Today's interviewee in the ongoing series of questionnaire-style friendly interrogations of fellow Unbound Publishing authors (my noir thriller East of England is on its way from Unbound - details, including how to pre-order special advance copies are here) is Toby Howden. Here's Toby to tell us all a bit more about his book:
1. Who are you and what’s your book about?
My name is Toby Howden and my book is Paper Tigers: Martial Arts & Misadventure in Japan, a memoir about an ill-judged attempt to become the real Karate Kid whilst working in a traditional Japanese paper factory during the nineties.
2. Why should folk read your book?
Because it’s a hilarious and heart-warming tale of friendship, following your dreams and how, when things don’t go quite as planned, there’s a better story to be told. It highlights many of the funny and painful faux pas you can end up committing in foreign cultures, plus, it’s all embarrassingly true.
3. What’s the appeal of your book?
I think travelling to the “mystical Orient” to train with martial arts masters is something many people have dreamed of doing, but few have ever considered the reality of such an endeavour. There’s an enduring curiosity about traditional Japanese culture, but most Westerners experience it through the polite camera lens of a tourist, or as a well-paid, segregated English teacher. I’ve yet to come across anyone else who has worked there doing manual labour whilst attempting to become a ninja - with good reason.
4. Sounds great! Where/when can I get hold of a copy?
5. Describe a typical writing day, or at least a typical day with some writing in it:
My beautiful girlfriend usually wakes me with a martini as the sun rises over our private island hideaway. The sounds of the warm sea lapping on the sandy white beach drifts in through the billowing linen curtains. I fight off Ursula’s advances donning a tight black polo-neck over my muscular, tanned body and begin the first task of the day, pondering the tricky second novel.
Sorry, you mean my day…
I wake when it’s still dark, then commute far enough to ensure the complete destruction of the environment. Boring meetings, teaching and admin whilst daydreaming about writing. Home, family, kids, bedtime, wine. Not always in that order. Around ten o'clock I turn the computer on, stare at it wistfully and hit the PlayStation for an hour. At eleven o'clock I’m almost ready to begin. I open my current ‘work in progress’, check Facebook, Twitter, put some tunes on, mess about with Instagram, the news, then back to Facebook again. I‘ll then re-read my latest sonnet, ponder different fonts and maybe open more wine.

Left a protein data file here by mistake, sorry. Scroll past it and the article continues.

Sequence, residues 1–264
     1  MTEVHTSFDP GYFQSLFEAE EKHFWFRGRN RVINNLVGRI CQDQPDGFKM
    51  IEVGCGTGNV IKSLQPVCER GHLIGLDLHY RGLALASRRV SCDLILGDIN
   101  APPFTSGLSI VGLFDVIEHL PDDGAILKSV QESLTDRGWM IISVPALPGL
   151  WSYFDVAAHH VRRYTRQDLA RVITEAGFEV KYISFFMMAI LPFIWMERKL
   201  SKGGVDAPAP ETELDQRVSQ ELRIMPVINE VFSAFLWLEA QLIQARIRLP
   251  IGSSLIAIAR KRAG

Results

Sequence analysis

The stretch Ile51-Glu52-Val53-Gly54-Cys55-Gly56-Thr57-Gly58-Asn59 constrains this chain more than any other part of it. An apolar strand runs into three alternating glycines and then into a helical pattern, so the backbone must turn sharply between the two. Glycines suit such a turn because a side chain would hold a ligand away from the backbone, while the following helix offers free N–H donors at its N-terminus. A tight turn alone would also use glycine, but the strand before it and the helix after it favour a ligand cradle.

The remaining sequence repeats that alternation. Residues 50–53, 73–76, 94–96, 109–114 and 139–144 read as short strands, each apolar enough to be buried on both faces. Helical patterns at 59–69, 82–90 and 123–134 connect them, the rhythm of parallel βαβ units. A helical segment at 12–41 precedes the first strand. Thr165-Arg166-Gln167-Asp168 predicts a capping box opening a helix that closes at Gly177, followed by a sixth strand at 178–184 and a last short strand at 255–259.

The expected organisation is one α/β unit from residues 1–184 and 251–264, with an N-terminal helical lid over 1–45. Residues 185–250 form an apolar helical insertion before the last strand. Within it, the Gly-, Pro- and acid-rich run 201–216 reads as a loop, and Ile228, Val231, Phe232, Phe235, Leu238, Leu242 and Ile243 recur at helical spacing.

Around midnight I ignore the angry texts from my partner telling me to turn it down and come to bed, and suddenly, as if by magic, I’m in the zone and begin to write…
6. Pick one book about writing. What it is and why have you chosen it?
I’m guessing everyone’s already read On Writing by Stephen King. Brilliant for so many reasons and reassuring proof that truly great writers are not simply born overnight. Slightly more obscure but well worth checking out is Joel Stickley’s blog ‘How to Write Badly Well’, very funny and informative.
7. Pick three books that have influenced or inspired you as a writer:
Lost in Place by Mark Saltzman, a truly hilarious and superbly written coming of age memoir about trying to get high and master Kung Fu in Connecticut USA during the 1970s.
Fantastic Mr Fox. Having three kids I get the joy and privilege of re-reading stories from my childhood. Re-visiting the Roald Dahl classics is pure inspiration. They’re a masterclass in creativity and the art of making supremely clever writing appear effortless.
Angry White Pyjamas by Robert Twigger. A year in Japan completing the infamous Tokyo Riot Police Aikido course; made me reflect about my own martial arts experiences and persuaded me that it was something worth writing about.
8. Pick three desert island books - works you couldn’t live without:
I guess something by Ray Mears or Bear Grylls might be sensible on a desert island.
Hanta Yo by Ruth Beebe-Hill is pretty epic and definitely worth a re-read. The story of the Native American Sioux tribe. A heart-breaking book that forces you to reconsider modern definitions of ‘civilisation.’
The Wizard of Earthsea by Ursula Le Guin, a truly masterful writer, she created worlds and characters with such depth, I feel as though her books are old friends.
Can I take some pencils and a pad of paper and write one?
9. Any words of writing wisdom?
Writing a book is like reaching the summit of a mountain only to be confronted by the far more challenging mountain range of publishing; think Mordor rather than The Sound of Music.
Most people don’t care that you’ve written a book, many publishers are actually quite annoyed by the fact. Deal with it. Conversely, some people will immediately assume that you’re going to be the next famous millionaire celebrity JK, and a precious few will believe in your writing to the extent that you will be utterly humbled.
Also, ignore twats who tell you it can’t be done.
10. Let’s make a movie of your book. Give me the high-concept pitch:
‘Wax on, wax off, wacked out!’ (Courtesy of Unbound). Or, ‘Man goes to Japan to master martial arts. Will he do it? No.’
Social media contacts:
Unbound URL: https://unbound.com/books/paper-tigers
Huge thanks to Toby for answering my questions! As he says, Paper Tigers is available now from all good retailers, so you really don't have a reason to not pick yourself up a copy ...